A new, nanoparticle-based therapy is effective in treating mice with multiple myeloma, a cancer of immune cells in the bone marrow, report researchers.
Targeted specifically to the malignant cells, these nanoparticles protect their therapeutic cargo from degradation in the bloodstream and greatly enhance drug delivery into the cancer cells. These are longtime hurdles in the development of this class of potential cancer drugs.
The nanoparticles carry a drug compound that blocks a protein called Myc that is active in many types of cancer, including multiple myeloma. So-called Myc inhibitors are extremely potent in a petri dish. But when injected into the blood, they degrade immediately.
Consequently, the prospect that Myc inhibitors could be a viable treatment in patients has been problematic because past research in animals has shown that the compounds degrade too quickly to have any effect against cancer.
The new study, published in Molecular Cancer Therapy, is the first to show that Myc inhibitors can be effective in animals with cancer, as long as the drugs have a vehicle to protect and deliver them into cancer cells.
When injected into mice with multiple myeloma, the targeted nanoparticles carrying the Myc inhibitor increased survival to 52 days compared with 29 days for mice receiving nanoparticles not carrying the drug. The researchers also point out that the potent Myc inhibitor showed no survival benefit when injected by itself, without the nanoparticle.
“We’re excited about our results because there was no guarantee the nanotherapy would increase survival,” says oncologist Michael H. Tomasson, associate professor of medicine at the Washington University of Medicine in St. Louis.
“We injected the nanoparticles intravenously, and they found the tumors throughout the body, whether they were in the bone marrow, the spleen, or elsewhere.”
Multiple myeloma is a cancer that affects plasma cells. These cells are part of the immune system, manufacturing antibodies that fight off infection. But in multiple myeloma, plasma cells grow out of control in the bone marrow, crowding out healthy cells. While treatments exist, only about 50 percent of patients with the disease survive five years past diagnosis.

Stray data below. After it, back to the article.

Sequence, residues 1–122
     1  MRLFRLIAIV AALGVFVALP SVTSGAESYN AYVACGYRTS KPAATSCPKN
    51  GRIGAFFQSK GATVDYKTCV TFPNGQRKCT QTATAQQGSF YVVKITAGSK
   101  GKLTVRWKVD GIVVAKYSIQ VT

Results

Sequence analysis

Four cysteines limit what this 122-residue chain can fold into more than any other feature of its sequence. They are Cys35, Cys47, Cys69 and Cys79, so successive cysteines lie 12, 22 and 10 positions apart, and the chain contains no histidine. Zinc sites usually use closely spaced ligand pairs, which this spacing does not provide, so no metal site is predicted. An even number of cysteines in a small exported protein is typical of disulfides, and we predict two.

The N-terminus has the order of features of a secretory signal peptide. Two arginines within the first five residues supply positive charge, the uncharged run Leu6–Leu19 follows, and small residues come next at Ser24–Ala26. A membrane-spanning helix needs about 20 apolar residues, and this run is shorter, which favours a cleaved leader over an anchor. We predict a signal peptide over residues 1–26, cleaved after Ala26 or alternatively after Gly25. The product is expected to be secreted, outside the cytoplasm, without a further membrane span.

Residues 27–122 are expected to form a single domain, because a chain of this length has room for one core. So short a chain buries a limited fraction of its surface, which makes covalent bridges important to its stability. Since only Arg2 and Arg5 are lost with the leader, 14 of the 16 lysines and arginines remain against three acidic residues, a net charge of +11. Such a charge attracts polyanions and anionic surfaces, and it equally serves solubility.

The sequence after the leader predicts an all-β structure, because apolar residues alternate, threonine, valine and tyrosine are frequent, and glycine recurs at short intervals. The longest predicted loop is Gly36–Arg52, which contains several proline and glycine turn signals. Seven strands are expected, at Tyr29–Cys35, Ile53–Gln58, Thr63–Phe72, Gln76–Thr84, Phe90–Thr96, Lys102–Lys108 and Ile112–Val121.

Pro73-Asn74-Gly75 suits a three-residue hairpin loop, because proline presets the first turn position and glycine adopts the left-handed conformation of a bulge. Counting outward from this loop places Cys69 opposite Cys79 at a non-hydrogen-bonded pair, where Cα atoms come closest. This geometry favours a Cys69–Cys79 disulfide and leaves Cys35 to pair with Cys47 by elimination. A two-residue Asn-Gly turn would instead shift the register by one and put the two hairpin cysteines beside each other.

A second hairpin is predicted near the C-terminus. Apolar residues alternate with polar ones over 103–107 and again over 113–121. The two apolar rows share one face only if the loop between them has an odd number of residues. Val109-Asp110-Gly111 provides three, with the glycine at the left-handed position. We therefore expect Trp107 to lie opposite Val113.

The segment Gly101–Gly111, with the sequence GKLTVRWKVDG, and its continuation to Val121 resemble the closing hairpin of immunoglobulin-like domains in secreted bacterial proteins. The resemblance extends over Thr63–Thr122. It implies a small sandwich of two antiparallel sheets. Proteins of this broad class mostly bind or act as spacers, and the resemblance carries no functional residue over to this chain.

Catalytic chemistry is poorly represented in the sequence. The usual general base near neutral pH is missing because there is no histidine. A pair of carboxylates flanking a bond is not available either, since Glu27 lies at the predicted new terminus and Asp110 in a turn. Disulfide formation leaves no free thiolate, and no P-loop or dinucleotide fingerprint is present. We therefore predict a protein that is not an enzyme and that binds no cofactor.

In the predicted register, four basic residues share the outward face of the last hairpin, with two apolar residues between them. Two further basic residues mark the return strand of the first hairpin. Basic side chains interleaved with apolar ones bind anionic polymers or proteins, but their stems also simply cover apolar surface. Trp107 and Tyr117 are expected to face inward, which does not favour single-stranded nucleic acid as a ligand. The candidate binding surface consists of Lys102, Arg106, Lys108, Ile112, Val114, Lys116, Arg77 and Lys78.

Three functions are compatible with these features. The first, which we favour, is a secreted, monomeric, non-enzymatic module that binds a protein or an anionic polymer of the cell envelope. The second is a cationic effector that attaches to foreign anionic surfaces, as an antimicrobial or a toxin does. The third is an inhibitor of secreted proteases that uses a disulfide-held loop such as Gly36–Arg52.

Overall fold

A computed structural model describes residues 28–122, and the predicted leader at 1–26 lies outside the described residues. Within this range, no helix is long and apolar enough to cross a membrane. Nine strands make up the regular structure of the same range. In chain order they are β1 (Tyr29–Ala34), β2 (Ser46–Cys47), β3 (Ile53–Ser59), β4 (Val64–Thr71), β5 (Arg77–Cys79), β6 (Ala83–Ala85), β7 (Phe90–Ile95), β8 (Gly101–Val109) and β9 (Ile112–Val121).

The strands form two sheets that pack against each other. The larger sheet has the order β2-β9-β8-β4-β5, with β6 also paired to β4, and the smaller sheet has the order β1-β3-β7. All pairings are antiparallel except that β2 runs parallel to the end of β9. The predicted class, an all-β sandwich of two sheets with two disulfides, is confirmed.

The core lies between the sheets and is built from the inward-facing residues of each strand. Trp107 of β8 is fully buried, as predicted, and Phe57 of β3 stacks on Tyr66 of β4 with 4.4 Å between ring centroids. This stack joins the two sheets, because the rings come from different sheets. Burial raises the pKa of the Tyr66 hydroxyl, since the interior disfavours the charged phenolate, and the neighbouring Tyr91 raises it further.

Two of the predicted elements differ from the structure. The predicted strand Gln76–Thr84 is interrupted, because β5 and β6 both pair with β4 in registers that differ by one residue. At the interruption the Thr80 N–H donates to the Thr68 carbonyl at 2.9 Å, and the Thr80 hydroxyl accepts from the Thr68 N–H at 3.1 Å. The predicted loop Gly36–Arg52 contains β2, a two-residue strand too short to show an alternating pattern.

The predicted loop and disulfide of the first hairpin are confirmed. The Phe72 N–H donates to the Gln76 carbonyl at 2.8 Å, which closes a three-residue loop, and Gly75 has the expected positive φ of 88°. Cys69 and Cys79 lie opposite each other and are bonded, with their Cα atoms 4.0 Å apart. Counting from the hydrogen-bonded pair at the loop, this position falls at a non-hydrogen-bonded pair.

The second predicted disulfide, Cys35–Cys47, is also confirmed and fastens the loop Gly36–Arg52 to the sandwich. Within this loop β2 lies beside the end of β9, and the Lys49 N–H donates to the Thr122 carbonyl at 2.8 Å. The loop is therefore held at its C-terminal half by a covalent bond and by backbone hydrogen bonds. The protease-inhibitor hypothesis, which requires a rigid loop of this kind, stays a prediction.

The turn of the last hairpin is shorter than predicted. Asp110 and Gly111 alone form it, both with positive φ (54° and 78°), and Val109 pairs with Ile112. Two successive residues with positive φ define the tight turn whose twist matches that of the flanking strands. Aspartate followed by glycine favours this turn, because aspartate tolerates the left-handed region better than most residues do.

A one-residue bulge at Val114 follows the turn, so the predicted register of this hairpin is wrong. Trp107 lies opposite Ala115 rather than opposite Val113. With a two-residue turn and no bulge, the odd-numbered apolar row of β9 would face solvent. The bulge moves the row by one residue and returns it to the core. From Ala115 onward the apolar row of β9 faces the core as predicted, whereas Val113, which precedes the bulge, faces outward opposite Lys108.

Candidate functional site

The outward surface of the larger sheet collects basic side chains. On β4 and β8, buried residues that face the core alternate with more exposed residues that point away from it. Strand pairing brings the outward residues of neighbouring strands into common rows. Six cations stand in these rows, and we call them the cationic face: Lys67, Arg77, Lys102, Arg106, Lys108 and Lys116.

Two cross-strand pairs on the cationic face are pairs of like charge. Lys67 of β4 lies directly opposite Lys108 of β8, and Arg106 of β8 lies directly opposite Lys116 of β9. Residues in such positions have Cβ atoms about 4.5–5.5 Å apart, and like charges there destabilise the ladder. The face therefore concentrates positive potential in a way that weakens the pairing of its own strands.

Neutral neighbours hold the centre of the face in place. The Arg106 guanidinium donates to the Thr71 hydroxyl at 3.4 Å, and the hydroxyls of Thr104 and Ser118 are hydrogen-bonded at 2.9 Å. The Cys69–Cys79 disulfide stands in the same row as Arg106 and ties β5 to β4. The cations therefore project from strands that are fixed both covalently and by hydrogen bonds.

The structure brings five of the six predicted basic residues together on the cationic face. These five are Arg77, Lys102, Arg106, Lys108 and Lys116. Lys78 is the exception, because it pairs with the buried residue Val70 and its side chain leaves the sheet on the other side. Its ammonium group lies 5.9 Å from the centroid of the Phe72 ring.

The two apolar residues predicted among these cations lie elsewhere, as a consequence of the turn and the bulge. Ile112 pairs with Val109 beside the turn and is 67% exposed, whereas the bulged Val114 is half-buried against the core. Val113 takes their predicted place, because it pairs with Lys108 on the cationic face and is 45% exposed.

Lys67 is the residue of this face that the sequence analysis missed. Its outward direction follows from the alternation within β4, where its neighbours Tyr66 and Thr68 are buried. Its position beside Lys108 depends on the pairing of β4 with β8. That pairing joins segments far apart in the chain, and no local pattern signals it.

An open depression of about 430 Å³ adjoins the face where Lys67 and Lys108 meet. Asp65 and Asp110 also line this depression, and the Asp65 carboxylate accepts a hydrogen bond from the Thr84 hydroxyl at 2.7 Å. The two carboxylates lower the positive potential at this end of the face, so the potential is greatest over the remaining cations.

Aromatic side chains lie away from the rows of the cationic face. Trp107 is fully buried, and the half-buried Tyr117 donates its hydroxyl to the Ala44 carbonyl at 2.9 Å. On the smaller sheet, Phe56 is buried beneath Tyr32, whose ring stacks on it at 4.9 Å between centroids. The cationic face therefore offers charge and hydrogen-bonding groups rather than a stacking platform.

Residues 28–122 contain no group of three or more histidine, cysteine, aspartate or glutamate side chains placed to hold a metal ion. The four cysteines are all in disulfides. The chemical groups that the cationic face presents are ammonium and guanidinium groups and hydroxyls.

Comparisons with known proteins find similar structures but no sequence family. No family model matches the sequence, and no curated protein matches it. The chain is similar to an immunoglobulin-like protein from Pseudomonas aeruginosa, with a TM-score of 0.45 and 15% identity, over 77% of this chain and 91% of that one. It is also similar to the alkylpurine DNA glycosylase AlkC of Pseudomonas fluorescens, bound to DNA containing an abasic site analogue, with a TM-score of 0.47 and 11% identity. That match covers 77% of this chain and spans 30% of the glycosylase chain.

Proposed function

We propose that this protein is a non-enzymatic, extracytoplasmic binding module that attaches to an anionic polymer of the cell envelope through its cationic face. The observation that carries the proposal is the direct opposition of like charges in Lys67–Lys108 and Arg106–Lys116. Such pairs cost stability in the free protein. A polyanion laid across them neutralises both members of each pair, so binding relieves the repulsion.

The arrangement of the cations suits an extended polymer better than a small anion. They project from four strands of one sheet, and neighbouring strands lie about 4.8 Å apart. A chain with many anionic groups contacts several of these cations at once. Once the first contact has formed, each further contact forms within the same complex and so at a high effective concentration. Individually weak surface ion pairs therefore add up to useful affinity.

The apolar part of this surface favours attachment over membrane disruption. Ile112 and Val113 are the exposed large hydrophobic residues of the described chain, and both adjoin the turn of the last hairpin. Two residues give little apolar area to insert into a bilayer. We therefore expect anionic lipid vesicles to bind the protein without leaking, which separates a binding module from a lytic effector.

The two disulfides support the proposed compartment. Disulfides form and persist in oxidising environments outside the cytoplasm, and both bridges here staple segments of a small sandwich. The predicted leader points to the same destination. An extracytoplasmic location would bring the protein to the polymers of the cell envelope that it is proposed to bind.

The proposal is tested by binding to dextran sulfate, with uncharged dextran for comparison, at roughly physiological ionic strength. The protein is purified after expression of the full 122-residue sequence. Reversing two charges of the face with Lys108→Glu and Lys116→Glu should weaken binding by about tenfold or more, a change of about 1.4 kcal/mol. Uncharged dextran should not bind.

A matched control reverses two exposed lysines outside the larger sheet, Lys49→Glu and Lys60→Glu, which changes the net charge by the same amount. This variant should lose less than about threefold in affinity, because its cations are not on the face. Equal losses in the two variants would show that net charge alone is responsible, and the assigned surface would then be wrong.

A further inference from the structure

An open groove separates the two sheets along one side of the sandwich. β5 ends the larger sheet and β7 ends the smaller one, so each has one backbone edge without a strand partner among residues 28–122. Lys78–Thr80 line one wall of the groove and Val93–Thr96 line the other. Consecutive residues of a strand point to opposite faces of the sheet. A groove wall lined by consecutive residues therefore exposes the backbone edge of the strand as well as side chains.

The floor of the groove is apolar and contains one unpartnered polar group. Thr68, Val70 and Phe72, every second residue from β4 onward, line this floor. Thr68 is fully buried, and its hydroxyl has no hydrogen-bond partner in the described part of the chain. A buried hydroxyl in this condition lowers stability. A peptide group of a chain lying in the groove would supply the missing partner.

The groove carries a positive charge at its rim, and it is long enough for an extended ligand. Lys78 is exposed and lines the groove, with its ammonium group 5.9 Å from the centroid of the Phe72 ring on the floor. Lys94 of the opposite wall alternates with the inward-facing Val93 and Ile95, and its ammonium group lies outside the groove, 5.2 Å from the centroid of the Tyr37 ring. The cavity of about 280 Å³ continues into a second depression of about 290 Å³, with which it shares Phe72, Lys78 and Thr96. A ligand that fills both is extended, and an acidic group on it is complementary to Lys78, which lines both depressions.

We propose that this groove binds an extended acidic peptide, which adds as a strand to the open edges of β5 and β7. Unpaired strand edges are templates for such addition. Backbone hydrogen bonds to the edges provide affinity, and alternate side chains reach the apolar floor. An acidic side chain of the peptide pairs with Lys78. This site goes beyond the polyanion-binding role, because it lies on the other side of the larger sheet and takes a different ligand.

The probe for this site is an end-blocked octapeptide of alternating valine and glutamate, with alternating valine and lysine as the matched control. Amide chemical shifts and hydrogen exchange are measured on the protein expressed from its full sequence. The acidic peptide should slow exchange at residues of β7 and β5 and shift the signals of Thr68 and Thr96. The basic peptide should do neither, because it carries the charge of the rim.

“Today, we have half a dozen drugs for multiple myeloma that can put patients into remission,” says Tomasson, who treats patients with multiple myeloma at Siteman Cancer Center at Barnes-Jewish Hospital and Washington University School of Medicine.
“We also have new drugs in the pipeline that we hope will lengthen that remission. But for most patients, the cancer eventually comes back. With this type of targeted nanoparticle treatment, the hope is to be able to get rid of that last bit of residual disease, so the cancer can’t return.”
Myc inhibitors are thought to be promising treatments for multiple myeloma because they shut down a gene required for cell proliferation. This gene is known to be highly active in multiple myeloma and many other cancers, raising the possibility that strategies to shut it down could be effective against a variety of tumors.
For this study, Tomasson collaborated with nanomedicine expert Gregory M. Lanza, professor of science and practice of medicine, whose lab synthesized and modified a compound discovered by Edward V. Prochownik of the University of Pittsburgh.
The researchers suspected Myc inhibitors would be a good treatment strategy for multiple myeloma if effective levels of the compound could be maintained in the circulation and delivered to the right cells.
Lanza explains that these nanoparticles self-assemble, comparing the process to shaking up an oil and vinegar salad dressing with a bit of mayonnaise to stabilize the tiny particles and the Myc inhibitor in the mixture.
“The nanoparticles serve as vehicles that protect the drug from the harsh environment of the blood,” Lanza says. “In this case, the drug is modified into a prodrug and actually locked into the outer membrane of the particle.”
Lanza also designed the nanoparticles to carry targeting molecules that home in on and bind to cancer cells that carry the complementary receptor, like a lock and key. When the nanoparticle binds to the cancer cell, their membranes fuse together, transferring the drug to the malignant cell. When safely inside, the drug is enzymatically freed to do its job, blocking Myc from activation.
And in theory, noncancerous cells are unlikely to be adversely affected by Myc inhibition because healthy cells shouldn’t have highly activated Myc proteins to begin with, according to the researchers.
Tomasson and Lanza say this technology is still years away from being tested in people, but they are optimistic about its future potential and are eager to begin that work.
The US Department of Defense and the National Institutes of Health supported the work.